I = α × τ × e [ Q R × T p ] d t (6)

where Q represents the activation energy of the structural transformation, R the gas constant, Tp the temperature peak at a considered temperature, α the thermal diffusivity and τ the time constant [12]. The terms α and τ are determined by Equations (7) and (8).

α = [ R × T p Q ] 3 (7)

τ = ( 1 R c ) × P 2 × π × λ × e l × V 0 × ( T p T 0 ) (8)

where T0 is the initial temperature, Rc is the reflection coefficient and λ is the thermal conductivity of the material. The spacing of the perlite layers has been described by Ashby and Easterling using Equation (9).

l 2 = 2 × D 0 × α × τ × e ( Q R × T p ) (9)

In heating cycles where the temperature is time dependent, the spacing will be sufficient for the total transformation of the perlite into austenite [12] [16]. D0 represents the constant of carbon diffusion in ferrite. Indeed, the austenite is produced at the same carbon content as perlite (Ce = 0.8%). At temperature Ac1, the austenite volume fraction becomes the volume fraction fi previously occupied by the perlite colonies. This represents the minimum volume fraction of martensite.

f i = ( C C f ) / ( 0.8 C f ) = C / 0.8 (10)

where C represents the carbon content in steel and Cf the carbon content in ferrite which is negligible in this case. According to the time diagram (TTT), the maximum allowable martensitic fraction is expressed in Equation (11).

F m = 0 if T p < A C 1 F m = f i + ( 1 f i ) × ( T p A C 1 ) ( A C 3 A C 1 ) if A C 1 T p A C 3 F m = 1 if T p > A C 3 (11)

Furthermore, the fraction of the martensite is then given by Equation (12) with Cc is the critical carbon content, D0 is the pre-exponential for diffusion of carbon and g is the average of the austenite grain size.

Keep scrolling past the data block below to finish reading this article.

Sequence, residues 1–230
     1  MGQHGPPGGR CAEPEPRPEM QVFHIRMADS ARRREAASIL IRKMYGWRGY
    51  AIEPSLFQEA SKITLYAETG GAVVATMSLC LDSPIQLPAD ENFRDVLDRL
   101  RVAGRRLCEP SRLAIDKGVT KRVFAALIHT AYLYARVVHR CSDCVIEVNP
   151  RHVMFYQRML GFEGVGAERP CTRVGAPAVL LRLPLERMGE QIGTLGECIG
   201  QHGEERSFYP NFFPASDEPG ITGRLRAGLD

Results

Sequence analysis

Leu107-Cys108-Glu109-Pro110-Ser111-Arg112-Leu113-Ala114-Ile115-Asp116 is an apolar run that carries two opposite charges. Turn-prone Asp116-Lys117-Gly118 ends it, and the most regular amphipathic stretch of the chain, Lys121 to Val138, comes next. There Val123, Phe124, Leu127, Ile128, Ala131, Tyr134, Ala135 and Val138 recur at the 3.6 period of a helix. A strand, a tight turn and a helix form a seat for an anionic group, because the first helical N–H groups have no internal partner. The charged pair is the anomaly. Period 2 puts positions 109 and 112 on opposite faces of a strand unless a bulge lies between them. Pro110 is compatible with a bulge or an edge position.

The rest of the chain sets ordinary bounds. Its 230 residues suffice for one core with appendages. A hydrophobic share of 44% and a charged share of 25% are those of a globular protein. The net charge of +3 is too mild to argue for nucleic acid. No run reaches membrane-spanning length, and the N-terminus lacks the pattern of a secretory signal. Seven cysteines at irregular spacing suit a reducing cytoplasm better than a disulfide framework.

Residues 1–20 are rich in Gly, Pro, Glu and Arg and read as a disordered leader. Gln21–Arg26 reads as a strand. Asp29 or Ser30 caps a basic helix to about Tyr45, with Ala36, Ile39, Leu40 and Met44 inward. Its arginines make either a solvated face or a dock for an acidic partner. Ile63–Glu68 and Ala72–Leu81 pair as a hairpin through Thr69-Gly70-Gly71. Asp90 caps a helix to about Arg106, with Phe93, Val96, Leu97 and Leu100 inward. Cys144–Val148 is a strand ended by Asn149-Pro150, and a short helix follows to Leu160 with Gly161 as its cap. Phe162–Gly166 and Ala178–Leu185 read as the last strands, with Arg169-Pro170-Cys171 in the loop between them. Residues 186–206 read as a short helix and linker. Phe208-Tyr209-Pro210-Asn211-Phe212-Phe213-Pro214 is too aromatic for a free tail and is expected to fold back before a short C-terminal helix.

f = f m ( f m f i ) × e [ ( 12 × f i 2 / 3 ) ( g × π ) × ln ( C e 2 × C c ) × D 0 × l ] (12)

Finally, the hardness can be determined by Equation (13) with Hm and Hf+p are the terms given by Maynier’s equations taking into account the cooling rate and material composition [8] [12].

H = ( f × H m ) + ( 1 f ) × H f + p (13)

2.3. Laser Beam Displacement

To perform each desired scanning pattern, the laser beam displacement is controlled by specific parametric equations reflecting the desired laser beam path. Figure 2 presents an illustration of the selected scanning patterns. The patterns parametric equations are presented in Table 1. In these equations, amp represents the amplitude, d the distance between the circle center and the point of the trochoid pattern, SS the scanning speed, t the time and fr the frequency.

(a) (b) (c) (d)

Figure 2. Illustration of the used laser scanning patterns: (a) Linear, (b) Sinusoidal, (c) Triangular and (d) Trochoid.

Table 1. Parametric equations of the different trajectories.

3. Numerical Simulation Parameters and Conditions

3.1. Simulation Parameters

Since the material properties change significantly with temperature, it is recognized that the numerical models describe the material transformation process better than analytical models. Generally, analytical models give a preliminary approximation of the phenomenon, then the numerical approach come often to confirm the results. Based on material properties and the previously represented equations, extensive simulations are performed using various scanning patterns applied on 4340 steel prismatic parts (60 mm × 6 mm × 5 mm). The thickness of the part to be treated must be large enough in order to not affect the temperature profile and to provide cooling cycle while allowing metallurgical transformation [5]. Table 2 presents the chemical composition of AISI 4340 steel and Table 3 illustrates different physicochemical properties [17].

In this study, the numerical investigation is based on a 3D finite element thermal analysis. This modelling and simulation approach provides an understanding of the behaviour of material properties as a function of processing temperature. To simplify the model and reduce the calculation time, the material is assumed homogeneous and isotropic, the physicochemical properties are defined at thermodynamic equilibrium, the ambient temperature is set at 20˚C (about 293 K) and the maximum temperature must not exceed 1400˚C. In addition, the simulations take into account the emissivity of the surfaces as well as the phenomenon of thermal convection by the surfaces to the ambient air.